Around five years ago Sotheby’s made a business decision to sell
fewer lots but concentrate on lots of higher quality. The
international auctioneer decided to largely abandon the $5,000 and
below end of the market, focusing not on lot volume, but on the
expensive items that were more profitable for the business.
That decision provided a greater stream of material for local and
regional auctioneers, who generally welcomed the mid-range items and
the occasional high-end item that came in as part of an otherwise
As part of this shift in business strategy, Sotheby’s raised its
buyer’s commission from 20 percent to 25 percent for items that cost
$20,000 or less. Later the fee policy was adjusted to 25 percent for
the first $50,000. In the past year, several major U.S. coin auction
houses moved their coin buyer’s fee from 15 percent to 17.5 percent
for most coins.
Collectors are increasingly utilizing lower-fee firms like
Teletrade and GreatCollections as alternatives to buying and selling coins.
Teletrade offers a flat 15 percent buyer’s fee per lot with an $8
per lot minimum fee. The firm is a member of Spectrum Group
International, which also owns Stack’s Bowers. GreatCollections offers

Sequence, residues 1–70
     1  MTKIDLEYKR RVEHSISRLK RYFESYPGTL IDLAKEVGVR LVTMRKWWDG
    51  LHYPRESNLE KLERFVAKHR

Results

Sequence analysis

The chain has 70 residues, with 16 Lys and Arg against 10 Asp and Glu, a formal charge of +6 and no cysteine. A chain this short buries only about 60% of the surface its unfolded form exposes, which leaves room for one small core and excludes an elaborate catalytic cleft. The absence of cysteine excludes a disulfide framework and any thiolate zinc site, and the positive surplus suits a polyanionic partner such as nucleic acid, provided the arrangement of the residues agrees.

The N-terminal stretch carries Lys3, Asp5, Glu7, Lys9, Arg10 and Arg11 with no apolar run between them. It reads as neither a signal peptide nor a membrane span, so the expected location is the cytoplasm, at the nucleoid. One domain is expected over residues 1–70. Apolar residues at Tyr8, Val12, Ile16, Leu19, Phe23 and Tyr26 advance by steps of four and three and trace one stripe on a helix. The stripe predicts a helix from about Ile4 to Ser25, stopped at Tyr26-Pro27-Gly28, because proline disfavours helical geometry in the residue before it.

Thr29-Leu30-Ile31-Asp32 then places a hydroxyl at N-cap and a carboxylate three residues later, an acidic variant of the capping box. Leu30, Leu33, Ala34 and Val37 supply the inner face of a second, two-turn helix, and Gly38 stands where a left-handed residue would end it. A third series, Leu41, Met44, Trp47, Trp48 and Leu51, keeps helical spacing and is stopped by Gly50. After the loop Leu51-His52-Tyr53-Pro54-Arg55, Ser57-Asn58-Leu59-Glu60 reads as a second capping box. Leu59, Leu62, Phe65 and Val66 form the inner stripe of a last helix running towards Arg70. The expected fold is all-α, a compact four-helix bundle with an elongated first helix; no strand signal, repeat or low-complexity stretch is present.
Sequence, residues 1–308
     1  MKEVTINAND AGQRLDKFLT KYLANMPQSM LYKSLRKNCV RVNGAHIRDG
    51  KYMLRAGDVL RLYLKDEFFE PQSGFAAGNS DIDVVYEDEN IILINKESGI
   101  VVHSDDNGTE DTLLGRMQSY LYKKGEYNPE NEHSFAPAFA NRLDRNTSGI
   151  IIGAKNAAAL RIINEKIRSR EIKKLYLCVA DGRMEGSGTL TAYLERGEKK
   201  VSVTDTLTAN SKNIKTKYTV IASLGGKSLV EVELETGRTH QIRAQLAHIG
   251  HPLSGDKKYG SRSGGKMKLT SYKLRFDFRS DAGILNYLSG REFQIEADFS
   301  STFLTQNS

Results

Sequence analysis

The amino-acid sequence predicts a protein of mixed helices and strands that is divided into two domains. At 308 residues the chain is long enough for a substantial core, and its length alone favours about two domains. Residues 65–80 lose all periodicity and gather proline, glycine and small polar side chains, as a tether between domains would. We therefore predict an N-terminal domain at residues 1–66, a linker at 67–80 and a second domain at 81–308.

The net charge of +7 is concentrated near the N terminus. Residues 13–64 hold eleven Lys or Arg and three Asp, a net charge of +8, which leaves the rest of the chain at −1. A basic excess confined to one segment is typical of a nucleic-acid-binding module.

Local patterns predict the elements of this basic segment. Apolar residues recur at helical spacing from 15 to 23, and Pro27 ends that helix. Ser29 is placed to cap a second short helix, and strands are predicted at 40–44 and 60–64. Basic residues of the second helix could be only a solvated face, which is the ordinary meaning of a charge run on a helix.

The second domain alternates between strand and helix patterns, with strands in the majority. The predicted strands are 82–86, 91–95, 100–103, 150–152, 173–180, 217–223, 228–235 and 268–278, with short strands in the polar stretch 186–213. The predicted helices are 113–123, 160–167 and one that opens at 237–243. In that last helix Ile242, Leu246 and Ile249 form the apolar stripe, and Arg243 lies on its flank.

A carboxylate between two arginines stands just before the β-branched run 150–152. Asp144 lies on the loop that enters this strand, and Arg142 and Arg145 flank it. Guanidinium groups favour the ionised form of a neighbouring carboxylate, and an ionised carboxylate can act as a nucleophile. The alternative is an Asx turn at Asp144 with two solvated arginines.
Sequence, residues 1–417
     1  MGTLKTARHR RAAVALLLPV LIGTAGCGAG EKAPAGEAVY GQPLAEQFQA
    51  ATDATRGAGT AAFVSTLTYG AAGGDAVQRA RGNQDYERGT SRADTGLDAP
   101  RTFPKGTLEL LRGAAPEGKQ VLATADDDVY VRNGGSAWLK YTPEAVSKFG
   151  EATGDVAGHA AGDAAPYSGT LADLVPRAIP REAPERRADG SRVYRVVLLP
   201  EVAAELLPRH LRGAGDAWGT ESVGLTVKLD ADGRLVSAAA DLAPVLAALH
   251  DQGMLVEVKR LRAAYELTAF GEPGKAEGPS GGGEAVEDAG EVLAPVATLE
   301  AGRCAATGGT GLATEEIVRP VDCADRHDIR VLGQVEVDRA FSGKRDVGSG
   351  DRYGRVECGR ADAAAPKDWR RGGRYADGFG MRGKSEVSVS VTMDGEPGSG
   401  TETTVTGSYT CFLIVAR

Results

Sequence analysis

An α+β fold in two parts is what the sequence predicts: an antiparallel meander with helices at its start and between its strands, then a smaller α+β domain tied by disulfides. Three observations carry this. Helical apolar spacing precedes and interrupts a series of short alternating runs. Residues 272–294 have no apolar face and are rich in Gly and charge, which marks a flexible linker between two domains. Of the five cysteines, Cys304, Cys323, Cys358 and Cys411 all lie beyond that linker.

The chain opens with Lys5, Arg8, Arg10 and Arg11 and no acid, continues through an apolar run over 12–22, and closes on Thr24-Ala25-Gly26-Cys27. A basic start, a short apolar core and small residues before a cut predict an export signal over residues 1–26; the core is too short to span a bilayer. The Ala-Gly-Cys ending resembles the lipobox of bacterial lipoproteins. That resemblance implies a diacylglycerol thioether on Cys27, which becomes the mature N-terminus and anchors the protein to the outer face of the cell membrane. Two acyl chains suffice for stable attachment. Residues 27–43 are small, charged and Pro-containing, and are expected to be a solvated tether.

a buyer’s fee of 10 percent with a minimum fee of $5 per item.
But these firms don’t just focus on the low end. Both have
succeeded in attracting high-end consignments recently.
For example, on June 3, a lone bidder on GreatCollections captured
a 1781 Libertas Americana silver medal — perhaps the most popular
early American medal — graded About Uncirculated 50 by Professional
Coin Grading Service for a bid of $70,000.
On May 27, multiple bidders competed for a 1999 American Eagle
silver bullion coin graded Mint State 70 by Numismatic Guaranty Corp.,
raising it from its starting bid of $14,000 to a final price of
$22,500.01 — or $24,750.01 with buyer’s fee.
These firms fill an interesting role in between online auctions
like eBay and traditional full-
service auction houses.
Teletrade alone offers 25,000 to 30,000 coin and paper money lots
each month and collectors have taken to the increased buying
opportunities that these online auction houses provide. Further, as
these two auctioneers grow and compete, their level of service and
quality may keep improving, helping all collectors. ■